For the past year and a half, I’ve been doing social media work within the the music and greater creative industries. From streamlined user-accessibility to an increased ease of distribution, digital media outlets have had a largely positive bearing on the lives of independent creators in my eyes. The rapidly growing community of independent creators on various content sharing apps in the past few years seems a direct reaction to the opportunities for monetization and exposure that such platforms provide. Below are some personal observations on the positive contribution of digital to the arts that I’ve accumulated during my internship tenure.
Forget middlemen: For independent musicians, artist-run streaming platforms like SoundCloud and Bandcamp are allowing creators to sidestep a number of models long considered to be pillars of the industry. For one, the necessity of talent scouts, agents, and big label representation has been on the wane since the late 2000s in conjunction with an increased ability to distribute work on artists’ terms. In addition, the feature-rich stats services that such streaming platforms provide enable creators to fully optimize exposure. For visual artists, creative marketplaces Spreesy and Etsy help to seamlessly turn Instagram and Facebook followings into sales.
A community of creators is brought together: The increased creative presence on Instagram and Facebook has seen the rise of a number of tight-knit artist communities. Collectives like Balti Gurls, Grlpwr, and Lemon People use their social media presence to connect independent artists from around the globe. In addition to connecting underrepresented creatives, such like-minded groups often work within a highly idiosyncratic style or set of themes, and can be a great place to look for inspiration.
Retain full ownership of your work: Between for-profit galleries and the infamous clauses that larger record labels employ to strip creative ownership from artists after signing, maintaining full control of work can be a difficult task once you’ve sold it off. Punk band FIDLAR learned this the hard way when a single of theirs was used in a poorly-received Myspace commercial. The ability to set the terms and conditions of your works’ distribution online can help to mitigate the problem of misuse.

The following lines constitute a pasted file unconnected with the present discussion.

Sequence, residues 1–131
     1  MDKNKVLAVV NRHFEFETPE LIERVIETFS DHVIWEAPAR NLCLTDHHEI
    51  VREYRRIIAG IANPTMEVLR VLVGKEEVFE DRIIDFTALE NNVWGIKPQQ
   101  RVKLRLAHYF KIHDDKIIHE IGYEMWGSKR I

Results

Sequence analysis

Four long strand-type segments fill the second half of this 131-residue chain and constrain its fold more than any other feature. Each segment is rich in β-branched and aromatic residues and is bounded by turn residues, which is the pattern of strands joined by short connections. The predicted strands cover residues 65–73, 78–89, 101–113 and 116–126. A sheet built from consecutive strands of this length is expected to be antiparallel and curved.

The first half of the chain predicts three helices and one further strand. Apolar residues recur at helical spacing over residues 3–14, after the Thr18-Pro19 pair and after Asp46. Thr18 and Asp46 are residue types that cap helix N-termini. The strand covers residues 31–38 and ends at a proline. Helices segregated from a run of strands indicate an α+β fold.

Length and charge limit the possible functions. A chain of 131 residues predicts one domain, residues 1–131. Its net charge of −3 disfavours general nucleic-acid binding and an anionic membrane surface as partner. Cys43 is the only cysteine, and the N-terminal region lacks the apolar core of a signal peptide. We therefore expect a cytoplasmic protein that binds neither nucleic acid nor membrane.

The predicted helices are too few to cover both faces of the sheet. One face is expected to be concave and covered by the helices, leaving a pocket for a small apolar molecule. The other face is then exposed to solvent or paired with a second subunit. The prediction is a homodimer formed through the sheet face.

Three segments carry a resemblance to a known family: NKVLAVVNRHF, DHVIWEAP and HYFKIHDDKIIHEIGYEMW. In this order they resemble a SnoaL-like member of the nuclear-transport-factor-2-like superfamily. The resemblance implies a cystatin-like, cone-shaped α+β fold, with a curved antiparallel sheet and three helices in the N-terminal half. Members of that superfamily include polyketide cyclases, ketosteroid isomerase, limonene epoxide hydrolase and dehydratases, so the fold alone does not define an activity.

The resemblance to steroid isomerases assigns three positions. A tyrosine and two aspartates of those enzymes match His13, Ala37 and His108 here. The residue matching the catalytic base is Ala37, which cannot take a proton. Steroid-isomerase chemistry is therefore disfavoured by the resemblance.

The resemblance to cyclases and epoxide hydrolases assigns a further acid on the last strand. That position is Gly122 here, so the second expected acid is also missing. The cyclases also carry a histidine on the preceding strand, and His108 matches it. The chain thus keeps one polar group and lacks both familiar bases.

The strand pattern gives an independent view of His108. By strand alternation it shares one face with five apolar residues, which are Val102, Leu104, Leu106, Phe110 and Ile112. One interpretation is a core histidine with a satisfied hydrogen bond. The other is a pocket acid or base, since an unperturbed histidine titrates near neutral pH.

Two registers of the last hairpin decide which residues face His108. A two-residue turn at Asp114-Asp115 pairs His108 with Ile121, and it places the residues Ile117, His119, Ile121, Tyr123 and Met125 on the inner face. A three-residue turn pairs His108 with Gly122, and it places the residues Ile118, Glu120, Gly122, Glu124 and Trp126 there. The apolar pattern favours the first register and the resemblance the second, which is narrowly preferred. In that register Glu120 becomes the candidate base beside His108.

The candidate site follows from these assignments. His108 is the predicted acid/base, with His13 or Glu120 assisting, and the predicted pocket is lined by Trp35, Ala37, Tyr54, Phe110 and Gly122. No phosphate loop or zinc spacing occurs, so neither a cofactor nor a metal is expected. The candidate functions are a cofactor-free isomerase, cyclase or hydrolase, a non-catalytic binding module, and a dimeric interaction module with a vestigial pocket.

Hold more accountability for creative theft: In July, illustrator-designers Adam J. Kurtz and Tuesday Bassen became locked in a tough legal battle with clothing company Zara after a series of pins, patches, and hats were found to be blatantly copied from their personal designs. During and after litigation, Kurtz and Bassen publicized their struggles for weeks on their personal accounts. While a lack of legal funds permanently tabled the lawsuit, Zara’s branding and public image took a serious blow as a number of publications picked the story up. Such stories of obvious corporate greed would likely go largely unnoticed in decades past, where mainstream media ownership helped to suppress dissent against unethical practices of large companies.
Have the final say on your finished product: For artists of all mediums, the independence that content-sharing platforms provides translates to a greater range of freedom over the final iteration of a finished piece. For musicians, big label bureaucracy can significantly alter the essence of your creative message, or simply result in an excess of unused compositions, as this list from The Balance touches on. Similarly, unwavering art gallery agendas are a familiar roadblock for visual artists who struggle with attaining traditional exposure through dealers and curators. Instagram’s recent rise in popularity among small-time illustrators, photographers, and typographers looking for fresh eyes speaks to the creative independence that online artist communities can foster.
Despite the benefits, a slew of valid critiques have been authored on many detrimental effects that social media has had on artists. A recent piece from author Todd Henry, for instance, touches on the potentially exploitative nature of social media’s business models, while another on conceptual artist Amalia Ulman reveals a number of devaluing effects it may have had on quality. Regardless, the necessity of a web presence is undeniable for those attempting to engage likeminded creators, monetize their work, and develop a fulfilling career, and a few collateral perks have revealed themselves in recent years. As this list from painter Lori McNee highlights, a web presence enables a heightened potential for networking, marketing, and better cultivating a personal brand for freelancers. Furthermore, the potential for crowd engagement and fan appreciation is at an all-time high. Art critic Holly Williams thoughtfully summarizes this reality in an op-ed for The Independent: “Art is for everyone, and encouraging a new, younger generation to get involved and feel it belongs to them is incredibly important. Social media can be a massive part of that.”
Evan is a 20-year-old college student, born and raised in Los Angeles, who has been shaped in innumerable ways by its creative community. He is majoring in digital media and minoring in art history with a dream of working in the music industry since his early experiences at punk shows during his teenage years.